Any organization, in order for it to be successful, must have a clearly defined written statement that sets forth its purpose, and essential means for achieving that purpose. This way the people involved in the organization know the direction and the most important methods used to move in that direction.
The notion of having a purpose statement and method is not uncommon in Scripture. Having written directives and reminders is part of what Scripture is all about. For example, the Lord tells Israel in Leviticus 11:44, "For I am the Lord your God. Consecrate yourselves therefore, and be holy, for I am holy." The Lord has divinely commanded that His people be holy - that is their goal, or purpose. How were they to set their hearts toward this goal? They were called to know the Law and meditate upon it, they were to worship the true God, they were to engage in various ceremonial reminders of God's covenant love of deliverance and security (the Passover), they were to be in community, the list goes on and on.
We see similar directives for the church in the days of the New Testament. The church, which in the Greek is ΄έκκλησία, is to be the gathering of the people into God's presence. Israel was the church of the old covenant; the New Testament church is the Israel of the new covenant, what the apostle Paul calls "the Israel of God" in Galatians 6:16. The church is not just any people. It is the people in covenant with God, through Jesus Christ.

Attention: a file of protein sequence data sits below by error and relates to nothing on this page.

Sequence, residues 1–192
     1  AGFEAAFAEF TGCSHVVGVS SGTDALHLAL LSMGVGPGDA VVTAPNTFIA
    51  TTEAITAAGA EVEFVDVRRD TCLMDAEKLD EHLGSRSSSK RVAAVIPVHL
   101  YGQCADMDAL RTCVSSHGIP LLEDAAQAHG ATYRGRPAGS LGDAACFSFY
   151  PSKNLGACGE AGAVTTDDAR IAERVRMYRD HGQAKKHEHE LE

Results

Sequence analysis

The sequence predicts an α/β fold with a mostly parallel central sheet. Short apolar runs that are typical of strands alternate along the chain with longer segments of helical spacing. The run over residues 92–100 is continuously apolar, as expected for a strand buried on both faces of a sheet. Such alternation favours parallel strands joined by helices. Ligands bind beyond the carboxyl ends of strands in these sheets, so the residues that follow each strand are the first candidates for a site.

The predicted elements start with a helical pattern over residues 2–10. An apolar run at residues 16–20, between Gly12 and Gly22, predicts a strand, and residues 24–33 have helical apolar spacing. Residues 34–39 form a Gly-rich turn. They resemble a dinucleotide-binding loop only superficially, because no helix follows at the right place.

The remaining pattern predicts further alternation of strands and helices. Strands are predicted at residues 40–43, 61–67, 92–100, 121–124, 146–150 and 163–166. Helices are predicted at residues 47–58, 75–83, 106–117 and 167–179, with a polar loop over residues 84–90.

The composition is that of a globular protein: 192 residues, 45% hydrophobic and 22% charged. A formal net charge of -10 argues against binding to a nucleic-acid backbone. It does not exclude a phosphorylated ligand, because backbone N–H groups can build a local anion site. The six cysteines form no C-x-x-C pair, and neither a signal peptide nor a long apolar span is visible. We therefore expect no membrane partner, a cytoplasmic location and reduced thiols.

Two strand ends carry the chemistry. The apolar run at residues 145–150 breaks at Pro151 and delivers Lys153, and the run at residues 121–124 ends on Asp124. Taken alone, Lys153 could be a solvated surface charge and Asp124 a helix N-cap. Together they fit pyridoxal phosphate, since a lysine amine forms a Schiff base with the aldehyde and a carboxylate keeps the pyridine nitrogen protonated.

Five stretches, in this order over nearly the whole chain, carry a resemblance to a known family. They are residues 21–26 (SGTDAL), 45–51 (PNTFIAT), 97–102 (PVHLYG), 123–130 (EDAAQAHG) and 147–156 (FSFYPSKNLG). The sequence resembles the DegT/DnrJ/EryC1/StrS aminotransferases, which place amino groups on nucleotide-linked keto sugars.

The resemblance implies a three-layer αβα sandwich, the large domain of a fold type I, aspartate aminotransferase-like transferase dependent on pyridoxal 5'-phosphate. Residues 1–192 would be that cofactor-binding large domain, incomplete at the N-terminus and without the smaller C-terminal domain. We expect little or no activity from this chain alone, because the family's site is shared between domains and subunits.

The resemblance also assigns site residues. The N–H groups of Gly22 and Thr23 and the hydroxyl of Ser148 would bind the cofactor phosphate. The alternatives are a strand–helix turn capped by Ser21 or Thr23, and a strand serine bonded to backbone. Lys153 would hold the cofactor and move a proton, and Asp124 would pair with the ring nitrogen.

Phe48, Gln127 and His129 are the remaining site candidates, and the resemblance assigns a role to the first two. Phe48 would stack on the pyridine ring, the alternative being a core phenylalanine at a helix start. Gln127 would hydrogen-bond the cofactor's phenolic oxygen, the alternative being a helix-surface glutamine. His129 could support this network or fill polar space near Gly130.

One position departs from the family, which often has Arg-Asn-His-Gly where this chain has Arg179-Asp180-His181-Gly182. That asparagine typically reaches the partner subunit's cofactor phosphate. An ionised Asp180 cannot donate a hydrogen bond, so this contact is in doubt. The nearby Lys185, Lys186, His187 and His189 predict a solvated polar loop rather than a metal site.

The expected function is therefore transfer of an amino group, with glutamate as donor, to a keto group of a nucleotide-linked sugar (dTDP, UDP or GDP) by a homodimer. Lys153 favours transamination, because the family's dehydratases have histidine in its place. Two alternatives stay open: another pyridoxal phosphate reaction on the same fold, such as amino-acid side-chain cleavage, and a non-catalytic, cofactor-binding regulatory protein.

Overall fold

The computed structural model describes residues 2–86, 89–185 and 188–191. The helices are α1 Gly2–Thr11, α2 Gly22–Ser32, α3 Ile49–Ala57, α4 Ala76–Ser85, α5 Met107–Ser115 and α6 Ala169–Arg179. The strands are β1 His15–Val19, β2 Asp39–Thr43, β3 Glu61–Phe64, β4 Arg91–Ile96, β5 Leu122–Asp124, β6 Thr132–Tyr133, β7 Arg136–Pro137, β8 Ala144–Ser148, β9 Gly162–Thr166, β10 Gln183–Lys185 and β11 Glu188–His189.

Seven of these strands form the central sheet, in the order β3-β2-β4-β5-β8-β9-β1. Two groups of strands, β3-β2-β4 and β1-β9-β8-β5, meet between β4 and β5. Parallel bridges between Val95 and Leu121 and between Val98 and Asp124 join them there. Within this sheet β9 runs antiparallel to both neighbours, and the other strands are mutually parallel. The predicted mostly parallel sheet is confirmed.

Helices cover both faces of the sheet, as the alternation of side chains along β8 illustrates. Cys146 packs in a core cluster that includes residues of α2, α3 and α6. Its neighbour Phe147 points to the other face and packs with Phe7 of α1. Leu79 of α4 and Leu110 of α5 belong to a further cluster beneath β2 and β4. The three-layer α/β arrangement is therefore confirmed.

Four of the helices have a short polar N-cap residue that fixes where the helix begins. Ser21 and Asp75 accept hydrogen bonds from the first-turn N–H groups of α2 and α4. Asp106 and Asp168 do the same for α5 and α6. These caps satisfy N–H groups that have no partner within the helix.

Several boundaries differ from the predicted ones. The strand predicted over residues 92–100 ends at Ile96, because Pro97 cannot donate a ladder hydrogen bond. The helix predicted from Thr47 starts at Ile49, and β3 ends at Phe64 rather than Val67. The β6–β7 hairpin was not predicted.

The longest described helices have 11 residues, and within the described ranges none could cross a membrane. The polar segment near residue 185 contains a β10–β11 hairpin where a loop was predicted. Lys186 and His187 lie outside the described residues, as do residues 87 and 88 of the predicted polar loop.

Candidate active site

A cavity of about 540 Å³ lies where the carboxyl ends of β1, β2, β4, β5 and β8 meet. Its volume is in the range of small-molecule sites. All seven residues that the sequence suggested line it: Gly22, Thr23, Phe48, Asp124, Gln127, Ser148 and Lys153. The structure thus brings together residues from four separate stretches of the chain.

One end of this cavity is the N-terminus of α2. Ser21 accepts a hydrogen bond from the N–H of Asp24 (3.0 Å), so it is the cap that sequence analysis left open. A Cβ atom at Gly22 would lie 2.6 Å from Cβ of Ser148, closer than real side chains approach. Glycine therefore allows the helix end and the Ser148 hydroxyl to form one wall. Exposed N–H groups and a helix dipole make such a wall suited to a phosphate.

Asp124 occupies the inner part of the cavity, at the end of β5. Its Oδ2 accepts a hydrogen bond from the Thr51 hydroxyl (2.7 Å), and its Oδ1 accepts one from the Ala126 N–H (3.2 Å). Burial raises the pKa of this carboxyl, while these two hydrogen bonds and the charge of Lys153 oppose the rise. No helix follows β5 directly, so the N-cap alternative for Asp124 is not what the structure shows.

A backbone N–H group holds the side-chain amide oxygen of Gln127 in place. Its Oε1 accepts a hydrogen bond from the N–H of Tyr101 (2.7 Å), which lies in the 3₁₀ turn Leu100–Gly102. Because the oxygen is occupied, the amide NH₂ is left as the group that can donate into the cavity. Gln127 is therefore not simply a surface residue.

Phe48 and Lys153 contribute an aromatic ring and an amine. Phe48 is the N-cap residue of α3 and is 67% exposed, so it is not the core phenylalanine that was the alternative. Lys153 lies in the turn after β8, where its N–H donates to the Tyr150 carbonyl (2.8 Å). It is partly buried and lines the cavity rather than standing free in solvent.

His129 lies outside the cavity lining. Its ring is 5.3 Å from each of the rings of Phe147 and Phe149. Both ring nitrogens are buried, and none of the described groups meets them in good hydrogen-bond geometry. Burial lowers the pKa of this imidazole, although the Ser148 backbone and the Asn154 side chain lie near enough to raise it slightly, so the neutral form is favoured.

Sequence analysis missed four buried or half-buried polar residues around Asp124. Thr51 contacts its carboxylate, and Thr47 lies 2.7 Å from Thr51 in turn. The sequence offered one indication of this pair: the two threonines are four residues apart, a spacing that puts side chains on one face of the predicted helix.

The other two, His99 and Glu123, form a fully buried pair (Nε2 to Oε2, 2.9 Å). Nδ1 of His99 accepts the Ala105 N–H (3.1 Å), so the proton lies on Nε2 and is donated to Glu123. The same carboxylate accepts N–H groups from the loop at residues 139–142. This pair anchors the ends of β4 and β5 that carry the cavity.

Likewise, the church has certain attributes. There are certain elements about the church that are unique.
- The church is one. Scripture tells us that there is one body in Christ, one faith and one baptism. If you read Jesus' High Priestly Prayer in John 17, you will see the overwhelming desire to see church unity. But unity is not merely spiritual, it is also organizational. Within church life we are called to agree with one another, to love one another, to serve one another, and to glorify one another.
- The church is holy. The call to holiness is not only found in Leviticus 11:44, but through the New Testament. You will find common references to God's "saints," his "holy people." The apostle Paul especially enjoyed using these terms.
- The church is catholic, or "universal." This means that the church does not belong to any one nation or race. In the Old Testament, the church was closely associated with Israel. In the New Testament, the church is scattered throughout the nations. Why the nations? Because God promised Abraham that in him all the nations of the earth would be blessed (Genesis 12:2, 18:18; 22:18).
- The church is apostolic. Acts 2:42 teaches us, "And they devoted themselves to the apostles' teaching and the fellowship, to the breaking of bread and the prayers." So, the twenty-first century church is to follow in the pattern established by Christ through the apostles.
Cross Creek is a church that longs, more than anything, to be faithful to our Lord. We want to be a church of unwavering unity, a church that is set apart to give Him glory, a church that is passionate to proclaim the gospel to all the nations, and a church that is founded on the the service of the apostles.
This is what excites me so much about Cross Creek, and I hope it excites you. I feel honored and blessed to have been called to this community, by God's grace, and pray that together we can be the church for which Christ laid down his life. This is why our priorities at Cross Creek: renewing grace, redemptive community, and relentless mission drive our church more and more to the gospel.
For Christ alone,